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going to be and play as well? -- in as well? >> markets are saying february but economists are more cautious as usual. economists expect another hike in february and may. francine: the ecb was not as hawkish. what is the key takeaway? >> the president, madame lagarde was clear to say that interest rate hikes are still unlikely next year. what they said was inflation growth had made enough progress to allow for gradual reduction of asset purchases in the coming months. there will be a slow down and the pandemic program and the first quarter and under that program, the program will come to an end in march.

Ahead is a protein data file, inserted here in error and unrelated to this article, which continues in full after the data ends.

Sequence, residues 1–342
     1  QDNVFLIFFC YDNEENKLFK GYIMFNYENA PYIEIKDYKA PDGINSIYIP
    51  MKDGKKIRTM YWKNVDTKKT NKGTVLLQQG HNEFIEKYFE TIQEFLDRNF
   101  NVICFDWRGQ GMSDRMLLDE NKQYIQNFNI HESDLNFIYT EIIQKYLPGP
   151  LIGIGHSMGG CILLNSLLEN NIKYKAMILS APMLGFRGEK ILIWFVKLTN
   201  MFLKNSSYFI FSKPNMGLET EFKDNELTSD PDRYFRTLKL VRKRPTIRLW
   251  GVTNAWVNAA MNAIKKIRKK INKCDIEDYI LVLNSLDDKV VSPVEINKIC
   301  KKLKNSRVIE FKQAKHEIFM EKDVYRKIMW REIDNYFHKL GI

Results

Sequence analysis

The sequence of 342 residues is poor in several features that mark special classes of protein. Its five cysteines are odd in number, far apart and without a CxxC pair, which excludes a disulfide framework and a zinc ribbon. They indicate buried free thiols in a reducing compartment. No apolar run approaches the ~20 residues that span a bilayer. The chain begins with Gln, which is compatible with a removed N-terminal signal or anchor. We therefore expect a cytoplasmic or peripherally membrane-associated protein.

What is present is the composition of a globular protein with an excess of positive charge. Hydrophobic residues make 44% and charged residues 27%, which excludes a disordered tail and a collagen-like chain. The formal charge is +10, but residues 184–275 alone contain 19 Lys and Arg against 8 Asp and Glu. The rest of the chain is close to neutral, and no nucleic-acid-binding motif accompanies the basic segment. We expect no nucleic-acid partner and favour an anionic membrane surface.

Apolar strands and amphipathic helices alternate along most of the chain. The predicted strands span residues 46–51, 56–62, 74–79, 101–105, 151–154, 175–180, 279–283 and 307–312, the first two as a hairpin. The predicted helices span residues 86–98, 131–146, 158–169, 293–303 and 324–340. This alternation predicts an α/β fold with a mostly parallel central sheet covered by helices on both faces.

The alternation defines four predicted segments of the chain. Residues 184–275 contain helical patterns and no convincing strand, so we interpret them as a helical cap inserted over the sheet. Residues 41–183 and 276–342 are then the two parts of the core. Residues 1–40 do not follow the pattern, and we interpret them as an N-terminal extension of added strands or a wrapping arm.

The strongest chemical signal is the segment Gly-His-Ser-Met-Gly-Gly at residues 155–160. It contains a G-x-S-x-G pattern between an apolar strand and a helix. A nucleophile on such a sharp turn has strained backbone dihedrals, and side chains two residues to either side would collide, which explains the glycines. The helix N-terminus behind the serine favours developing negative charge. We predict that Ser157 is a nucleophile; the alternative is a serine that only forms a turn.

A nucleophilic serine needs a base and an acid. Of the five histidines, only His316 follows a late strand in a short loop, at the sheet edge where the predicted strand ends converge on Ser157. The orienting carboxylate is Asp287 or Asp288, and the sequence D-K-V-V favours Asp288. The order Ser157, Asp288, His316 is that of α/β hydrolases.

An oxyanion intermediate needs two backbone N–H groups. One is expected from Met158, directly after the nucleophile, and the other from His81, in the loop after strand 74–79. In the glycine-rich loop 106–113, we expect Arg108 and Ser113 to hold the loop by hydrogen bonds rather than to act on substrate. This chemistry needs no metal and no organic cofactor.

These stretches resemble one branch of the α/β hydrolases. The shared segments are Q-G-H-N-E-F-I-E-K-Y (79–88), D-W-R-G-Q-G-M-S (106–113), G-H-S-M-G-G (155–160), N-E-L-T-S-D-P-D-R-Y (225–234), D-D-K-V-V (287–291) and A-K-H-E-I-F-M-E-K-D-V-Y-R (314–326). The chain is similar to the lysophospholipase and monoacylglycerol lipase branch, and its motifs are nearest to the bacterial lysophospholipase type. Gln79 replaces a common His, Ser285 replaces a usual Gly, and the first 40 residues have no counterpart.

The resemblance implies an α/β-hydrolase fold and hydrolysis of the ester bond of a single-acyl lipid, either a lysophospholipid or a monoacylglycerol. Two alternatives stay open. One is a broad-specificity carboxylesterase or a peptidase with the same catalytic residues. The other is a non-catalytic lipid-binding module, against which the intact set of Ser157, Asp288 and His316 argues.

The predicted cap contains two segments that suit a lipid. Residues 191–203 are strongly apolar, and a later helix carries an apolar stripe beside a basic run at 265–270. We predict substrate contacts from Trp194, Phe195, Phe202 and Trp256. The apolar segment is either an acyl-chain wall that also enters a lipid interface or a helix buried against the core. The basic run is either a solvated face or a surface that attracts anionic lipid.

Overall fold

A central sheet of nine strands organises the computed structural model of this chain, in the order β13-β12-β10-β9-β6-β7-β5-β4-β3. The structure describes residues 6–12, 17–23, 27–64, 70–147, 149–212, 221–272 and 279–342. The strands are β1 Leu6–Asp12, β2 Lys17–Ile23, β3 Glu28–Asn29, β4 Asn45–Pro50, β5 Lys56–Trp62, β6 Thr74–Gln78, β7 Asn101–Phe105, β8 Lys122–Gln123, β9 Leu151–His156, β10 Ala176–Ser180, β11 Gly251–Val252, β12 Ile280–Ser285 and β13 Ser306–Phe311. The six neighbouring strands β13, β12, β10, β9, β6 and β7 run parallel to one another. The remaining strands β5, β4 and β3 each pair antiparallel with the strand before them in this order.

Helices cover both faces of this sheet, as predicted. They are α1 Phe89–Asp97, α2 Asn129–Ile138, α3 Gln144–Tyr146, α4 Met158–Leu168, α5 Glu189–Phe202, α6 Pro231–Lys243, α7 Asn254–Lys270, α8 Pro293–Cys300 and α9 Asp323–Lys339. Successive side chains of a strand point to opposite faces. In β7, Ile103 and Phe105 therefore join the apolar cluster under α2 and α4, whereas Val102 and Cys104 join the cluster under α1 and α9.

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as planned. to soften the blow on the market and to make sure there are no disruptions or financial tightening that the ecb is trying to avoid, they took a few measures including an extension of the reinvestment under the pandemic program and they also decided on a temporary increase of the app, so purchases under that program will be increased in the second and third quarters but come the fourth quarter of next year, those purchases will go back to the 20 billion we have seen over the past months. tom: ok, our thank you to our reporters bringing -- breaking down the ecb decisions and the boe. alberto tocchio from kairos partners joins us. let's start with the ecb. the message i took from